Interventions in the House of Commons
 
 
 
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View Hunter Tootoo Profile
Ind. (NU)
View Hunter Tootoo Profile
2019-02-28 15:08 [p.25931]
[Member spoke in Inuktitut and provided the following text:]
[Member provided the following translation:]
Mr. Speaker,
[English]
the Minister of Indigenous Services will be aware that in my riding of Nunavut, there is not one mental health and addictions treatment facility. The need for such a facility has been well documented and is exemplified by the highest rates of suicide in the nation and alcohol and drug addiction. The Government of Nunavut has recognized this need and has identified it as a priority.
The previous minister stated in the House that she had heard the call for a treatment centre and looked forward to moving forward with this work. Will the minister commit to funding this much-needed centre?
View Hunter Tootoo Profile
Ind. (NU)
View Hunter Tootoo Profile
2018-12-11 15:12 [p.24730]
[Member spoke in Inuktitut and provided the following text:]
[Member provided the following translation of the Inuktitut:]
Mr. Speaker,
[English]
my question is for the Minister of Intergovernmental and Northern Affairs.
Yesterday, Canada finally announced changes to the nutrition north program. The additional funding and other changes are welcome. However, the government has failed to fix the biggest problem with the program: its transparency and accountability. For example, the department has admitted the program subsidy received by some retailers is higher than the freight rate they are paying, which is why Nunavummiut believes some retailers are unjustly profiting from the subsidy.
Will the minister commit to finally fixing this problem before the spring budget?
View Hunter Tootoo Profile
Ind. (NU)
View Hunter Tootoo Profile
2018-12-05 14:04 [p.24439]
[Member spoke in Inuktitut]
[Member provided the following translation of the Inuktitut]
Mr. Speaker,
[English]
last week, in response to my question, the Prime Minister said that all parties that are supposed to be at the table for the two Dene treaties are at the table. He was wrong.
Since 1975, every modern land claims agreement in Canada has involved the province or territory where the lands in question are located. Further, every modern land claims agreement in Canada's northern territories has involved three parties: the indigenous group, Canada and the government of the territory where the agreement is to operate.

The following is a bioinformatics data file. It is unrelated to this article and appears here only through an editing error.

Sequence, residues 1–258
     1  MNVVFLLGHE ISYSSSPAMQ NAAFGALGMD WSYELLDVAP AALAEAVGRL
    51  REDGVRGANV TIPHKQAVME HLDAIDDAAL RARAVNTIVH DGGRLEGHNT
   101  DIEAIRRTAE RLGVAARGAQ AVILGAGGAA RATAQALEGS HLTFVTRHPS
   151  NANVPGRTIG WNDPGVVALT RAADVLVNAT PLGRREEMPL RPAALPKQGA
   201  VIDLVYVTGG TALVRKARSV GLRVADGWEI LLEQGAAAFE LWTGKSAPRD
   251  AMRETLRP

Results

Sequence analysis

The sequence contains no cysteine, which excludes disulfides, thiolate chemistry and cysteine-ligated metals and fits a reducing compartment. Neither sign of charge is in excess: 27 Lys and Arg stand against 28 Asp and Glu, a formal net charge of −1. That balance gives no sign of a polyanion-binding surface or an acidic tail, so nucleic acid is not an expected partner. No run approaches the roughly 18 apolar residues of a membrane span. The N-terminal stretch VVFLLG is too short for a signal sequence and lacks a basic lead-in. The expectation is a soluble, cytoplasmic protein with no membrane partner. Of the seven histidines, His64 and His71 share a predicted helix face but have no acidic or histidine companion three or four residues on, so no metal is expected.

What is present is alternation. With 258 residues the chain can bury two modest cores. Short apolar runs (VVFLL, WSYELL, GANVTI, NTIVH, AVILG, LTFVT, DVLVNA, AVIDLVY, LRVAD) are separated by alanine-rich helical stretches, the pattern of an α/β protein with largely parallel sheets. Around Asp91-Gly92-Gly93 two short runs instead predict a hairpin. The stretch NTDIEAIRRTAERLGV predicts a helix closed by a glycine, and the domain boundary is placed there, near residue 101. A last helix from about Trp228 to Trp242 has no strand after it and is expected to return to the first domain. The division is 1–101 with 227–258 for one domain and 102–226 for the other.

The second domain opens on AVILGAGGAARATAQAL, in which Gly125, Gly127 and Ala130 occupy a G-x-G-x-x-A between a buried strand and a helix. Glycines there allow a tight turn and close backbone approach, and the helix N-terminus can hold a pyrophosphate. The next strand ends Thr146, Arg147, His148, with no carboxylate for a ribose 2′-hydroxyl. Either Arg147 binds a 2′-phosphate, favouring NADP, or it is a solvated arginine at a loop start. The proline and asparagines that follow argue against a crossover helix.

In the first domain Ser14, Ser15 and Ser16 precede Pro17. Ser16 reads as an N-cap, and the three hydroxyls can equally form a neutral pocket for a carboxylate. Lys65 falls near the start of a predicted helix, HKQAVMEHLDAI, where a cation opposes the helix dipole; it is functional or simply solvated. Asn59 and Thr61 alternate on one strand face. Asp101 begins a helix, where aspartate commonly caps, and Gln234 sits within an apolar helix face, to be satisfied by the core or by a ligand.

The two Dene treaties affect jurisdictional authority and will result in financial obligations to the Government of Nunavut and will also require amendments to the Nunavut Land Claims Agreement. They cannot be implemented without the consent of the Government of Nunavut.
Given the legal precedents and subsequent jurisprudence, I call on the Government of Canada to do the right thing and immediately invite the Government of Nunavut to the table as a full participant and signatory, where they should be. The treaties will be stronger for it.
View Hunter Tootoo Profile
Ind. (NU)
View Hunter Tootoo Profile
2018-11-28 15:08 [p.24097]
Mr. Speaker,
[Member spoke in Inuktitut]
[English]
My question is for the Prime Minister.
His government has refused to include the Government of Nunavut as a signatory to two Dene treaties. These treaties will infringe on and limit the territorial government's legislative authority. Observer status just does not cut it. The Government of Nunavut has to be a full participant. As the premier has said, the Government of Canada cannot simply shove this agreement down Nunavummiut's throat. This is unprecedented.
Will the Prime Minister tell this House why his government has excluded the Government of Nunavut as a signatory to these important treaties?
View Hunter Tootoo Profile
Ind. (NU)
View Hunter Tootoo Profile
2018-11-07 14:04 [p.23377]
Mr. Speaker,
[Member spoke in Inuktitut]
[English]
I want to recognize a great Canadian, and, full disclosure, he is my cousin.
Jordin Tootoo learned to play hockey in our home community of Rankin Inlet. He played four seasons with the Brandon Wheat Kings before joining the Nashville Predators in 2003, becoming the first Inuk to play in the NHL. After 13 seasons, Jordin has announced his retirement from professional hockey.
Jordin has faced struggles in his life. He lost his older brother to suicide. He conquered an alcohol addiction that threatened to end his playing career. He has turned those experiences into opportunities to promote mental wellness and suicide prevention. He has always given back to Inuit and indigenous communities and now will have more time to focus on his work with indigenous youth.
Jordin is an inspiration to all indigenous people, and indeed, to all Canadians. He has shown us that one can find success in life, even in the face of tough challenges, and how to help others find their way.
Jordin's Inuk name, Kudluk, means “thunder” in Inuktitut. Long may he roar.
View Hunter Tootoo Profile
Ind. (NU)
View Hunter Tootoo Profile
2018-11-05 15:04 [p.23263]
Mr. Speaker,
[Member spoke in Inuktitut]
My question is for the Minister of Families, Children and Social Development. This is in follow-up to my question last week. I do not believe that the minister grasped the severity of Nunavut's housing shortage.
Yes, $240 million has been allocated. It sounds like a lot, but it is over 10 years. That is 48 new houses per year for the entire territory, which is less than two per community. This is a crisis. Overcrowding is contributing to high rates of youth suicide and tuberculosis. No Canadian should live like this.
I ask again, will the minister take immediate action to work with the Government of Nunavut to solve this crisis?
View Hunter Tootoo Profile
Ind. (NU)
View Hunter Tootoo Profile
2018-10-02 15:03 [p.22118]
Mr. Speaker,
[Member spoke in Inuktitut].
[English]